But is the Performance "Xtreme?"

CyberPower shipped our review unit with a large overclock on the very capable i7-875K CPU, but what will really be interesting is seeing how the "SuperClocked" GeForce GTS 450's fare. Since the review of the iBuyPower Paladin XLC we've streamlined our benchmarking suite for desktop machines so that moving forward we have a better reference point. Unfortunately, that means that we're starting fairly fresh. To help even the odds a bit I've also included the benchmark results from another system from a forthcoming review, AVADirect's Nano Gaming Cube. It's not particularly fair to the Cube: that unit is a Mini-ITX gaming machine running an i7-750S overclocked to 3GHz and a Sapphire Vapor-X Radeon HD 5870. That's a hell of a lot of power for a tiny machine (so stay tuned to learn more), but it's still competing with bigger systems with more aggressive configurations.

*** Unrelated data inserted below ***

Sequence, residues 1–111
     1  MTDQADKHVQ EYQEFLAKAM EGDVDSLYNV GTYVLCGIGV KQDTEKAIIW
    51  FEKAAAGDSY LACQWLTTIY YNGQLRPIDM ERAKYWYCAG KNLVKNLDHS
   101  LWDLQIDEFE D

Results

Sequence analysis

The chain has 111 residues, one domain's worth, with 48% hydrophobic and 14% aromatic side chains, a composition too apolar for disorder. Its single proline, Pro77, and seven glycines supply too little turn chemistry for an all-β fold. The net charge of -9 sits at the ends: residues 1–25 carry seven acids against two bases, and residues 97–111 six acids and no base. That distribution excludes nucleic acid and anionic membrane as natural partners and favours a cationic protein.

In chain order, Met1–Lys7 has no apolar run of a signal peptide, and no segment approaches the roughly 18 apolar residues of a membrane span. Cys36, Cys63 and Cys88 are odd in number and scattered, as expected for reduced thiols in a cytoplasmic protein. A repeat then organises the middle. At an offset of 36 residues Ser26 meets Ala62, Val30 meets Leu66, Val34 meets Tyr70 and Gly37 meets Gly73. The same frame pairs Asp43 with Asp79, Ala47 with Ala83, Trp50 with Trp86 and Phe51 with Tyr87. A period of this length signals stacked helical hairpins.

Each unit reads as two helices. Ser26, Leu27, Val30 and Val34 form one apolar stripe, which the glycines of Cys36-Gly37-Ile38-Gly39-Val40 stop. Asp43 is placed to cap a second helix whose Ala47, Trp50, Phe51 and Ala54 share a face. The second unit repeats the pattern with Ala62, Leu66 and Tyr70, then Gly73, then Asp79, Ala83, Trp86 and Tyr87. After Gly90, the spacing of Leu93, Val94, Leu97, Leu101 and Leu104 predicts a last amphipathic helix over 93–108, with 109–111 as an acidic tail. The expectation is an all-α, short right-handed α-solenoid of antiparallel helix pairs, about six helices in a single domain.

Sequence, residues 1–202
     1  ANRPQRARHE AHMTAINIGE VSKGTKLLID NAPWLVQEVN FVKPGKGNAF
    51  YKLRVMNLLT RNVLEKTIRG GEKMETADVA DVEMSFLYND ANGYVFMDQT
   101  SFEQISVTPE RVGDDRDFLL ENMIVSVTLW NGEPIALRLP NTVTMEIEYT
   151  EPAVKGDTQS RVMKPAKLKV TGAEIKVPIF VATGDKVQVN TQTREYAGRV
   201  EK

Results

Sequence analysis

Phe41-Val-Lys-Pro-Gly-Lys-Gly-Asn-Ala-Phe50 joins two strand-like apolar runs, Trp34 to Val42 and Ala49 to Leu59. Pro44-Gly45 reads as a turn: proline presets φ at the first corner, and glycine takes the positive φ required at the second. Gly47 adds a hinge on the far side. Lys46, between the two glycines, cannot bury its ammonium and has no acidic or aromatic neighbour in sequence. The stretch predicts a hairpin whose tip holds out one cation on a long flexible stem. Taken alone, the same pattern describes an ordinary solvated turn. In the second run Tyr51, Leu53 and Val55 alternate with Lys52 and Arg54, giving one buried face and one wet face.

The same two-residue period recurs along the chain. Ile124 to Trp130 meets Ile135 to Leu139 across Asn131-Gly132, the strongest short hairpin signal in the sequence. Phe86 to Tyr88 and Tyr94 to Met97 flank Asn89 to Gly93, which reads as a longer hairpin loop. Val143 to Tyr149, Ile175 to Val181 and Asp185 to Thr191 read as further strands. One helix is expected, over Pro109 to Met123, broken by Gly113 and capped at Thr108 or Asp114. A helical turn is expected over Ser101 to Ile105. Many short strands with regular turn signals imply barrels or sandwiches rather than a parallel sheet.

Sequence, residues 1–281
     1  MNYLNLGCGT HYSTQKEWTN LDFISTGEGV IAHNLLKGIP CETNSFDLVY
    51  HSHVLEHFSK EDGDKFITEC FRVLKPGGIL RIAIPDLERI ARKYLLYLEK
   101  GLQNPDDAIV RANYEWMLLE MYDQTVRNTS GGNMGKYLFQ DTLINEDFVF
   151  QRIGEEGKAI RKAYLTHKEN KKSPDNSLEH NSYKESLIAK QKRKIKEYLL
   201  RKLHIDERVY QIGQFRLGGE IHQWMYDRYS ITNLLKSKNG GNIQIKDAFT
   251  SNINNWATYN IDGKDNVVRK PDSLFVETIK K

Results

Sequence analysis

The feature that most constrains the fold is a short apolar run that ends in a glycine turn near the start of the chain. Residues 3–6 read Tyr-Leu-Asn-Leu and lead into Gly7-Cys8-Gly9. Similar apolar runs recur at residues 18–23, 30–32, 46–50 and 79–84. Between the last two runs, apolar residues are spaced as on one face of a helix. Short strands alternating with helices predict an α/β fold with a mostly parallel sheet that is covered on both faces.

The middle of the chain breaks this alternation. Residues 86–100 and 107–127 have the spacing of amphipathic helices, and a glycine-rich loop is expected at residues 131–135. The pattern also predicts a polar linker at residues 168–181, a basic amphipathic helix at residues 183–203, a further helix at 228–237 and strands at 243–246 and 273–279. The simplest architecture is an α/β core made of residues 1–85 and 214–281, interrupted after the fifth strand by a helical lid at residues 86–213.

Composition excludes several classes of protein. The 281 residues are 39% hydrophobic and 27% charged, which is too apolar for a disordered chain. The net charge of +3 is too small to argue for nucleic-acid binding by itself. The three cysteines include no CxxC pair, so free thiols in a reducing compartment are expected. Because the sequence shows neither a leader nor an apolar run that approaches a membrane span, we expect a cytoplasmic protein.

We'll start with the system-based benchmarks. There should be no huge surprises in how the 8500 places, but remember that the processor is faster than any of the other chips listed while the GeForce GTS 450 SLI configuration is still brand new.



Generally speaking, the 3.85GHz clock speed on the i7-875K leaves the competition in the dust. Remember that the iBuyPower's processor is only overclocked to 3.5GHz; the triple-channel memory configuration in that system just isn't enough to pick up the slack. The odd outlier is PCMark Vantage, where AVADirect's decision to use a Corsair Nova SSD seems to have paid off in spades. While all of these test units are using SSDs as their system drives, the Nova is the fastest (and most expensive) of the lot, and PCMark Vantage has historically skewed wildly towards fast SSD-based systems.

When we move on to 3DMark, the XLC with its GTX 470's in SLI should destroy the competition; what you're really going to want to look at is the difference between the GTS 450's in the CyberPower unit and the Radeon HD 5870 in the AVADirect machine. It does bear mentioning that 3DMark results can still skew towards higher CPU clocks, however.



As you can see, 3DMarks 05 and 06 both favor the increased clocks on the processor in the CyberPower machine, putting it ahead of even the SLI 470-based iBuyPower unit. In 3DMark Vantage, that ranking disappears, but the "slow" 3GHz i5 in the Cube can't pick up the slack and seems to be limiting the Radeon HD 5870 somewhat.